Avanti Media Fiction / Hot Docs

Teaches of Peaches Review: She’s Still Ripe

Hot Docs/CUFF/DOXA 2024

7 mins read

Teaches of Peaches
(Germany, 102 min.)
Dir. Philipp Fussenegger and Judy Landkammer
Programme: Pop/Life


Her name may be Peaches, but don’t call her the pits. Peaches, née Merrill Nisker, remains a singular voice in music. The Canadian artist, known for her unclassifiable sound, tastes as ripe as ever.

This documentary follows her on the 2022 tour to mark the anniversary of her 2000 studio album The Teaches of Peaches. Two decades on, Peaches still commands a crowd. Moreover, her uniqueness and stereotype shattering play on gender and sexuality continue to resonate with an audience that’s more open to sexual fluidity than the relatively tight-buttoned Abercrombie and Fitch crowd of the turn of the Millennium. This invigoratingly punk documentary illustrates what it means to stay fresh and authentic in a field that continually rewards mediocrity.

Directors Philipp Fussenegger and Judy Landkammer go behind the scenes with Peaches as she readies her tour. Commanding a troupe of younger dancers, musicians, and performers who embrace her desire to be daring, the rehearsal scenes immediately illustrate how Peaches’ music continues to speak to audiences. The footage, capturing the artists bringing the songs to life, pops with a sense of immediacy. It’s not a throwback, but rather a portrait of the artist firmly in the present tense.

In rehearsals, Peaches is goofy as ever. She whips around in bizarre avant-garde costumes that offer layers of boobs—breasts, upon breasts, upon breasts—and untamed hair as wig pieces contrast with her prosthetic bosoms to create a strange interplay between desire and revulsion. She’s the queer icon that audiences know and love.

Interviews with Peaches situate her present tour with her origin story. There are tales of her early days with the band called The Shit. She and fellow musician Chilly Gonzales, who looks as if he stepped out of the shower and straight into the interview, tell of the electrifying freedom of making weird, angry, sexually charged music. Gonzales, joint in hand, delivers recollections that resemble performance art. His talking points are humorous tidbits that evoke the uniqueness of The Shit. In Berlin, Peaches and Gonzales recall, they found their tribe. The film frequently credits the openness of Europe’s music scene, particularly Berlin’s, as key to Peaches’ evolution.

The film shows how Peaches nevertheless evolved amid gunk and grime in dumpy Toronto. Her old roommate Leslie Feist joins the party and recalls their days of slumming it in a crappy Queen West apartment, playing music with the cockroaches and rats, as well as experimenting with video while creating new sounds. Teaches of Peaches situates the artist within the evolving electronica scene of the 1990s as musicians discovered how to imagine the sound to get beyond the thin synthetic innovations of the 1980s. Unlike some of her predecessors, Peaches’ music doesn’t feel dated.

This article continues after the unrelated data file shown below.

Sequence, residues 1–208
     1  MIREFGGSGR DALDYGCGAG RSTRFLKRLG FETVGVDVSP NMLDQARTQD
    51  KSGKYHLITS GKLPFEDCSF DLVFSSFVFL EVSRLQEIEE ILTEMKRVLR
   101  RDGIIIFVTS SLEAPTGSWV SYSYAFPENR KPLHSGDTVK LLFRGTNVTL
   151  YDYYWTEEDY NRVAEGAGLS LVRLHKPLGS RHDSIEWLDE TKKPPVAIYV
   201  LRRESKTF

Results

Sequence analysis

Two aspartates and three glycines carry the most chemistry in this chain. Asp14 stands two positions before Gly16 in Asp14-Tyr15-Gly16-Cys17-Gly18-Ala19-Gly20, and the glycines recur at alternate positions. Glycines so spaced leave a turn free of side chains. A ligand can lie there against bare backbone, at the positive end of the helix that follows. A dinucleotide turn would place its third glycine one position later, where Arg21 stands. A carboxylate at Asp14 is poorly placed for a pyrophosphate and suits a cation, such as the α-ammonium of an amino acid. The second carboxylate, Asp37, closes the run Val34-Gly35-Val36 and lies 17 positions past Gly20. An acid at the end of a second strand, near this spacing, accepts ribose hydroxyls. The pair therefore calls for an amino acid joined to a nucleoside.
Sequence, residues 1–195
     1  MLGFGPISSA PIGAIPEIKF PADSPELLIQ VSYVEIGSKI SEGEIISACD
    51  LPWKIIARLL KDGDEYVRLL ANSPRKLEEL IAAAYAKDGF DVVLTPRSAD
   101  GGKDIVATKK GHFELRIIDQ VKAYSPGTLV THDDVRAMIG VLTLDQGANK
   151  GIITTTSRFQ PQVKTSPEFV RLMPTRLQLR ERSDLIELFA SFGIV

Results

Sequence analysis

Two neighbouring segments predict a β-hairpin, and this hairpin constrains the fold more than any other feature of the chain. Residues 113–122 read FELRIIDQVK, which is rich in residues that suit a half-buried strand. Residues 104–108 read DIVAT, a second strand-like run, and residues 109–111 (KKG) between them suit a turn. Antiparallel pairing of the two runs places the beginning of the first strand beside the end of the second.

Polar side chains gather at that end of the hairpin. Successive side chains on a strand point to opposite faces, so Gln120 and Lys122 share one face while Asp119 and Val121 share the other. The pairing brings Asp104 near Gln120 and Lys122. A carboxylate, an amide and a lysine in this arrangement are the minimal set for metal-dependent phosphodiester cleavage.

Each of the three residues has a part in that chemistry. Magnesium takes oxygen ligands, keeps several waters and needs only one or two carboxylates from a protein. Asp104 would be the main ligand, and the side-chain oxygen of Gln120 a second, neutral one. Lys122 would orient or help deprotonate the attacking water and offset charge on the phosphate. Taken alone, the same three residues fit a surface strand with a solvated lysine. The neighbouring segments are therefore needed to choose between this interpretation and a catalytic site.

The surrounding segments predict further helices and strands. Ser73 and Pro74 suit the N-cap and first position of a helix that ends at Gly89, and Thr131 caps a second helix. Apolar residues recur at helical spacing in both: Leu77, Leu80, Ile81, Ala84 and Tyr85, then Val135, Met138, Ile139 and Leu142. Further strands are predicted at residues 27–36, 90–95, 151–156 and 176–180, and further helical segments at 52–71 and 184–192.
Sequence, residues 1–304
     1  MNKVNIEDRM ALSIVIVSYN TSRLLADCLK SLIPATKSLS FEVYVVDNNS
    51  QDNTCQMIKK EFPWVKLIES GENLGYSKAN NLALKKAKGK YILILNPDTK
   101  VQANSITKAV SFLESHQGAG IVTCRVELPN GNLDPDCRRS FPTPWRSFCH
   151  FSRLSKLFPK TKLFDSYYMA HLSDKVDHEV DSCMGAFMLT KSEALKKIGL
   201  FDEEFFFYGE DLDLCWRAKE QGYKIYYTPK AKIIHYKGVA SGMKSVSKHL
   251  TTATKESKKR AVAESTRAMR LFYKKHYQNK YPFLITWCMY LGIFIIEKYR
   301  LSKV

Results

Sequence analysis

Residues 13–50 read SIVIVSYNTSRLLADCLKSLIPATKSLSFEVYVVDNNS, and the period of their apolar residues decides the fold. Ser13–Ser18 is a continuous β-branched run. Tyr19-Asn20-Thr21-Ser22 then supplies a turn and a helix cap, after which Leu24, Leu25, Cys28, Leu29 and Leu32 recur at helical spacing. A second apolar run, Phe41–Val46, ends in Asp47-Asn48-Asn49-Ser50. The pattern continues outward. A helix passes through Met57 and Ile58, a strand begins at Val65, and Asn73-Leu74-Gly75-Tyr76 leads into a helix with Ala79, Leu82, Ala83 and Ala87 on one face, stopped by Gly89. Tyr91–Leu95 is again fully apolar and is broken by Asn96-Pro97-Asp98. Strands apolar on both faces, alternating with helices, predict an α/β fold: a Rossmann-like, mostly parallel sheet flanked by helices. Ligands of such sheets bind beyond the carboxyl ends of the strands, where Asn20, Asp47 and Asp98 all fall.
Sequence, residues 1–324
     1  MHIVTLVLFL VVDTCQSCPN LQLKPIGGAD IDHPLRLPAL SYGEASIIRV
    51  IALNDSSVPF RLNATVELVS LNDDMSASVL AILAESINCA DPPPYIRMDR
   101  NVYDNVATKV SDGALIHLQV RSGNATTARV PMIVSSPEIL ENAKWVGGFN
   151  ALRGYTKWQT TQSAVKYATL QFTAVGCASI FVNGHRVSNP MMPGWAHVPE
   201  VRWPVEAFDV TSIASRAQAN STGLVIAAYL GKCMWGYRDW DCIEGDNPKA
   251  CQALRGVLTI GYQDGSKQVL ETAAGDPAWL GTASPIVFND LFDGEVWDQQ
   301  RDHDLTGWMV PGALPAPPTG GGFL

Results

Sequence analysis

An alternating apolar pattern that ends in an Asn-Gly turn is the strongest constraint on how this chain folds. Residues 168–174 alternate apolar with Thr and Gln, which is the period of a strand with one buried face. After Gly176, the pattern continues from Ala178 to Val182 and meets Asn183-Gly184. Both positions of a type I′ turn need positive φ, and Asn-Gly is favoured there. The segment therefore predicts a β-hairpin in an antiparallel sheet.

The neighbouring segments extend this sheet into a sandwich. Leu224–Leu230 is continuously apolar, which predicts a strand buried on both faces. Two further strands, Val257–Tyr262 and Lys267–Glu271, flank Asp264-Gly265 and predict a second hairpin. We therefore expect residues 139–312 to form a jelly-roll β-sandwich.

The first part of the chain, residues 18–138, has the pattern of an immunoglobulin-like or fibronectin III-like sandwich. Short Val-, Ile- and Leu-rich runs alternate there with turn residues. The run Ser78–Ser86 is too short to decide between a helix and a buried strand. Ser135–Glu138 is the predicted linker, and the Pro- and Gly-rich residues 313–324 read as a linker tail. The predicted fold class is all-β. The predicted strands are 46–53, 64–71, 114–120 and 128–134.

The film illustrates how, in part, Peaches’ freshness came through her grungy laissez-faire attitude that didn’t give a toot about studio standards. She recalls in an interview how her breakthrough song, “Fuck the Pain Away,” came from a single live recording at Toronto’s Rivoli bar. It lacks the polish of a studio record, but the rawness of the track makes it resonate. Teaches of Peaches similarly finds its voice as a film through the sequence of the film that really dives into “Fuck the Pain Away.” Here’s where the film finds the singularity of Peaches’ voice, music, and style. It’s edgy, defiant, and unabashed in its directness.

In the wake of a seemingly endless sea of music docs, Teaches of Peaches gamely embraces the singularity of its subject in order to stand out in the crowd. It finds the right balance between rough around the edges and artfully elevated. Cats abound in interviews, while the editing favours candid moments that sanitized, broadcast-ready music docs would leave in the edit suite.

Meanwhile, the filmmakers smartly see Peaches’ music as an opportunity to consider the currents that define the music industry. When the film looks back to the release of The Teaches of Peaches and the popularity of her single “Set It Off,” the archival footage presents a business that simply didn’t know what to do with the talent at hand. While Peaches and company acknowledge that the industry’s failure to market and support unconventional voices inevitably limited her financial success, the singer proudly owns her ability to give voice to the misfits.

When the film cuts to the present-day interviews, it shows how Peaches beat the odds. At 56, she still commands the crowd. Peaches pokes fun at her age, shimmying onto stage with a walker like an elderly lady, but then whips her top off and body surfs with the crowd. She defies age and ageism, smartly understanding younger generations and using her show, expanding its gender-fuck fluidity, to connect with audiences who embrace everything from the underground to the ballroom scene. Like the album that gives Teaches of Peaches its name, this documentary is a refreshing alternative to ho-hum convention.

Teaches of Peaches screens at Hot Docs, DOXA, and the Calgary Underground Film Festival.

Pat Mullen is the publisher of POV Magazine. He holds a Master’s in Film Studies from Carleton University where his research focused on adaptation and Canadian cinema. Pat has also contributed to outlets including The Canadian Encyclopedia, Paste, That Shelf, Sharp, Xtra, and Complex. He is the vice president of the Toronto Film Critics Association and an international voter for the Golden Globe Awards.

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